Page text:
• Difficulty eating
  • Drooling
  • Tooth loss
  • Oral bleeding

Relief of Symptoms of Fibrocarcinoma

Your vet will diagnose a fibrosarcoma using a combination of tests, including physical examination, chest Xrays, biopsy and blood tests.

It is necessary to determine the extent of cancer in order to determine which treatment option is best for your cat.

Treatment generally involves combinations of surgery, radiation therapy and chemotherapy.

Without complete removal of the fibrosarcoma with surgery and radiation therapy, it is very likely to recur. 

Limb amputation may be necessary where the tumour has been particularly invasive.

Like all cancer treatments, the earlier a tumour is detected and treated, the longer your cat is likely to survive.

The prognosis for a cat with fibrosarcoma depends on the advancement of the growth, but swift treatment will extend your cat’s life.

In general, about fifty per cent of cats have a chance of survival.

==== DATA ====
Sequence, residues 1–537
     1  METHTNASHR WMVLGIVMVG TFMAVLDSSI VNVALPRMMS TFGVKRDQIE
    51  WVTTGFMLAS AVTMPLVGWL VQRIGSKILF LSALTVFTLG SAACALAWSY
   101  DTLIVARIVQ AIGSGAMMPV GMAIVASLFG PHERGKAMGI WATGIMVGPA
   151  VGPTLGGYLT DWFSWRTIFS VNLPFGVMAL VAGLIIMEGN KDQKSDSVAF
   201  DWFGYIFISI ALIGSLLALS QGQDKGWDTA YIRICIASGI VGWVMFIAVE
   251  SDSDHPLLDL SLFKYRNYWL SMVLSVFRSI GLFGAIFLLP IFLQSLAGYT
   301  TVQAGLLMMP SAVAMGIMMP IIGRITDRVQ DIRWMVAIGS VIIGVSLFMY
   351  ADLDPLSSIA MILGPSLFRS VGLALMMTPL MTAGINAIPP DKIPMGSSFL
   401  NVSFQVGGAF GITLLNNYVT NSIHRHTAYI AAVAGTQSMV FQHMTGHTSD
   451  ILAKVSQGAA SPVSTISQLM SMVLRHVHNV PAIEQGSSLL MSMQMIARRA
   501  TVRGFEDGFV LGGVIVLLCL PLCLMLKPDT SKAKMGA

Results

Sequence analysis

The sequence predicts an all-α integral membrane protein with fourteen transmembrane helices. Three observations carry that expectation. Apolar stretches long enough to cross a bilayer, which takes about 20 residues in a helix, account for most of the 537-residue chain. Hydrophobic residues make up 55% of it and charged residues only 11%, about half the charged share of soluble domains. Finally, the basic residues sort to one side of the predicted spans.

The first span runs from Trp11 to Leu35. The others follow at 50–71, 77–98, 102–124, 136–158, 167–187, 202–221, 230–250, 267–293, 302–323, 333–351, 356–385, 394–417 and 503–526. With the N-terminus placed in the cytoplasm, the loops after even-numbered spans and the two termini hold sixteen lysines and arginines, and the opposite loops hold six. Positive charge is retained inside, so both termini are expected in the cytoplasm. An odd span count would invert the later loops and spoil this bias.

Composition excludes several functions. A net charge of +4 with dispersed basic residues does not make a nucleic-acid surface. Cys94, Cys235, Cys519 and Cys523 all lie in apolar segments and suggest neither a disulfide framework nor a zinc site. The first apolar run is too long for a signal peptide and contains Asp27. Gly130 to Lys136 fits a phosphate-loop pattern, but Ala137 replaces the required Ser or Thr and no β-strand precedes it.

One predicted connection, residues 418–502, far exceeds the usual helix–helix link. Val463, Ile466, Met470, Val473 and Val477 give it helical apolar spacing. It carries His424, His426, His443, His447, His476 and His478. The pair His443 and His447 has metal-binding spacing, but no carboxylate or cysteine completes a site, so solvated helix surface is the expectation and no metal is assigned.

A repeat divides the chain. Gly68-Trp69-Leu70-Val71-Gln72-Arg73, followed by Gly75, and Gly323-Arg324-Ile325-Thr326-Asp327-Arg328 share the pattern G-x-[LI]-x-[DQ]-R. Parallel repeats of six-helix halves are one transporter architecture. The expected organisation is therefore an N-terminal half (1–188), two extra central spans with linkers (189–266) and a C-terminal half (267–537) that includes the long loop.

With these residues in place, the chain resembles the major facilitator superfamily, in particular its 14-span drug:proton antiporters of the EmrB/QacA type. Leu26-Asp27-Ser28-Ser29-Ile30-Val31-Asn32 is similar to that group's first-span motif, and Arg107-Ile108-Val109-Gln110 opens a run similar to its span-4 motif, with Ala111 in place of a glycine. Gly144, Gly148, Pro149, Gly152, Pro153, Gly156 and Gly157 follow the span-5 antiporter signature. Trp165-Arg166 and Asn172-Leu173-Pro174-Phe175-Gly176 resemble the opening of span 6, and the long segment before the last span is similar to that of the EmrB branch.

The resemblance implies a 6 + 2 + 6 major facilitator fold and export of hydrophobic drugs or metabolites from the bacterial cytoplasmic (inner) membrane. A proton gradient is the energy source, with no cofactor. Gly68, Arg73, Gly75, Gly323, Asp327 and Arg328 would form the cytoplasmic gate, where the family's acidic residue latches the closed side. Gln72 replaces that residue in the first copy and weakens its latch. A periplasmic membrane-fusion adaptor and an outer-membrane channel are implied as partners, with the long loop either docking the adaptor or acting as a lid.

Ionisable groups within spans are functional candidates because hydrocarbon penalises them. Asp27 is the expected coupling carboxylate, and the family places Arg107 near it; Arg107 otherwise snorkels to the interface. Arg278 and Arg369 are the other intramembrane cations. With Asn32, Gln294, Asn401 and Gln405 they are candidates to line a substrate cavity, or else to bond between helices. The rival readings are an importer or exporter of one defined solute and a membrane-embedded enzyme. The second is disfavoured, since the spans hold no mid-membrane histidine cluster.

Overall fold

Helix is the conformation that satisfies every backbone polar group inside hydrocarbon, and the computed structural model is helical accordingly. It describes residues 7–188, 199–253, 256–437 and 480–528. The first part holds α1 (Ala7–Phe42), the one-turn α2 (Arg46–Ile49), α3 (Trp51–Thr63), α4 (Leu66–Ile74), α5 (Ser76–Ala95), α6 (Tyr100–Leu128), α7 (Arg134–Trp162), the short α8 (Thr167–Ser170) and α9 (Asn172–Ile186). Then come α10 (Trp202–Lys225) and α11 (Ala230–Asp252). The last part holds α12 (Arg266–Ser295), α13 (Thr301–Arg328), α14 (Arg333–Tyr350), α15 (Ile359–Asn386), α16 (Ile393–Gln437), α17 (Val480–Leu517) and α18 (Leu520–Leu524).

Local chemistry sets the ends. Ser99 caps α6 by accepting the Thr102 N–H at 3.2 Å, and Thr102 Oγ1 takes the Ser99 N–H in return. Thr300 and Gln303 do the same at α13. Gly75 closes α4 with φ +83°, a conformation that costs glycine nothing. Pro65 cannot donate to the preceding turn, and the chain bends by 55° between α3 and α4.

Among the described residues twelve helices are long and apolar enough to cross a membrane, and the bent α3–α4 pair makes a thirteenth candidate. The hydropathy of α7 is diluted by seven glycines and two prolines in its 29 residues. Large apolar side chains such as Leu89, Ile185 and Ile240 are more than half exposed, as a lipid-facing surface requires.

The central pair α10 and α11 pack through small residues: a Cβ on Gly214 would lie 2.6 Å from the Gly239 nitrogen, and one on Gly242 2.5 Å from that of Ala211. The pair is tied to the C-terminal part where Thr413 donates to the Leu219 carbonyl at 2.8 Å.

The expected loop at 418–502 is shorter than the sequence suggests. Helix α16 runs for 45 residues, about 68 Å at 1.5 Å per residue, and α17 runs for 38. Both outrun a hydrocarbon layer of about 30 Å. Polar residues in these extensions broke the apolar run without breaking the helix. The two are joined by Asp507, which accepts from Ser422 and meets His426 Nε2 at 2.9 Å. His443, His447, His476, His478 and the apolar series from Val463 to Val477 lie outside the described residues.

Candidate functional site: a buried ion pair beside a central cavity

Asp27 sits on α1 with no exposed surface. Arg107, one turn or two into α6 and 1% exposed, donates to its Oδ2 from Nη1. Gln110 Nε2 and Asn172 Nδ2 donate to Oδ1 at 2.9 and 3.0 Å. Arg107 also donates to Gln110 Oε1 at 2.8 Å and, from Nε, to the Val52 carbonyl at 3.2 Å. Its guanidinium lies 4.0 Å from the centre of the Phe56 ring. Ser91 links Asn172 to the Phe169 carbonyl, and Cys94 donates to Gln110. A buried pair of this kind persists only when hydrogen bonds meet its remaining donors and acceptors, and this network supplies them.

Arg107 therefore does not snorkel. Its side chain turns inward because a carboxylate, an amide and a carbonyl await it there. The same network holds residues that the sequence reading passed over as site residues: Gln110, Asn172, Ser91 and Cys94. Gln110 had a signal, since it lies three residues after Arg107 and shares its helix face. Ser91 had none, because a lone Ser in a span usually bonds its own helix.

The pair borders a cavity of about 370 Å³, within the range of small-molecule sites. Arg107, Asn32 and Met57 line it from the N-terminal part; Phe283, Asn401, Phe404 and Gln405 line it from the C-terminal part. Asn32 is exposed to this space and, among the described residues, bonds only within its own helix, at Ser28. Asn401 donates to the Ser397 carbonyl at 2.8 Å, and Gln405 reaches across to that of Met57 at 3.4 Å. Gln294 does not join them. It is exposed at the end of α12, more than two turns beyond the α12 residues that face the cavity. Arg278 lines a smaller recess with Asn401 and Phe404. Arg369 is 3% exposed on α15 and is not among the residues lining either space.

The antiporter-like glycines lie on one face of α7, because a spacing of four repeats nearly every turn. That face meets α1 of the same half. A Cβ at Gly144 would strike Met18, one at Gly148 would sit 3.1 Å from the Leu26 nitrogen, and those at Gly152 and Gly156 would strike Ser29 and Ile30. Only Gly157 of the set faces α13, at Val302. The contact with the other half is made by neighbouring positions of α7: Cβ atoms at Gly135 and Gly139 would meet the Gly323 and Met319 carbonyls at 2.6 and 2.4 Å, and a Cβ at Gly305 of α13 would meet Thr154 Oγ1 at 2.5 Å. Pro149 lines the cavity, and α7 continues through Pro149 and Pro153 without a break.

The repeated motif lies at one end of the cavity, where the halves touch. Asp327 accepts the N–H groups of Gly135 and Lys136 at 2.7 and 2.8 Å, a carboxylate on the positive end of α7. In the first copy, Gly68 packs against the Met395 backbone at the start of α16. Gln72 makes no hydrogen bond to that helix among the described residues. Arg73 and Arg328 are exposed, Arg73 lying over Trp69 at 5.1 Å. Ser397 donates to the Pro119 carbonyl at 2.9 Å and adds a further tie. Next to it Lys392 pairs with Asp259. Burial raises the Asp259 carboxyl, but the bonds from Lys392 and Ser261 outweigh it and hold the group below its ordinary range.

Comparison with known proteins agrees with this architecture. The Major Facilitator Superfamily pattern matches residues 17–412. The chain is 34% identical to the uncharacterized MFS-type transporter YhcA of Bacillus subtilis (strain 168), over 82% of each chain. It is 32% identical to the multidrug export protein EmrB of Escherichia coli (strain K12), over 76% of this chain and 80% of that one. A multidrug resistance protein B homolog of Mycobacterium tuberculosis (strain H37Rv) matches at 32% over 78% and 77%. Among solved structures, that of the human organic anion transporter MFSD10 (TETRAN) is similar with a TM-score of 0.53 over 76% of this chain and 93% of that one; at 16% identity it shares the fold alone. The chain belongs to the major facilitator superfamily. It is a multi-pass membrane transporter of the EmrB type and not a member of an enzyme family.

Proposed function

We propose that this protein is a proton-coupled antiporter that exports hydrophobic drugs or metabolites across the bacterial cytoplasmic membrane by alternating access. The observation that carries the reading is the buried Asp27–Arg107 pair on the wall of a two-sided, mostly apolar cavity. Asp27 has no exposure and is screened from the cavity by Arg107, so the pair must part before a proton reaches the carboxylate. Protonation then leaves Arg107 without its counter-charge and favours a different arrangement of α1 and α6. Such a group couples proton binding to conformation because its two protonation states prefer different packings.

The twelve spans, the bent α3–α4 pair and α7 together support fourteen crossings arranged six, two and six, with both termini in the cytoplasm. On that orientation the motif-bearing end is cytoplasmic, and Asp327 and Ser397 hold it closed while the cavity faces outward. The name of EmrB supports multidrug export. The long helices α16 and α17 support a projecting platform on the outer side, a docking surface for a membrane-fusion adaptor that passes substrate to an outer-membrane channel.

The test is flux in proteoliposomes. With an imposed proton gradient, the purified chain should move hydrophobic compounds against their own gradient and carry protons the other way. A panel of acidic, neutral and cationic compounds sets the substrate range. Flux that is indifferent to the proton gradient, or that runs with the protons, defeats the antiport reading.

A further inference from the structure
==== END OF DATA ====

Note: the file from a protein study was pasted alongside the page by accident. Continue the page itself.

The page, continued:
FAQs Cancer in Cats Symptoms

What is the most common type of cancer in cats?

The most common type of cancer in cats is lymphoma. Lymphoma is a cancer of the lymphocytes, which are a type of white blood cell. Lymphomas can occur in any part of the body, but they are most commonly found in the lymph nodes, spleen, and gastrointestinal tract.

What are the symptoms of cancer in cats?

Cancer symptoms vary depending on the type and location of cancer. However, some general symptoms include weight loss, lethargy, loss of appetite, and vomiting. If you notice any changes in your cat’s health, it is important to take them to the vet for an examination.

What are the treatment options for cancer in cats?

The most common treatment options for cancer in cats are surgery, radiation therapy, and chemotherapy. The type of treatment will depend on the specific type and location of cancer. In some cases, a combination of treatments may be necessary.

What is the prognosis for cats with cancer?

The prognosis for cats with cancer varies depending on the type of cancer and how early it is detected and treated. In general, the earlier the cancer is found and treated, the better the chances for survival.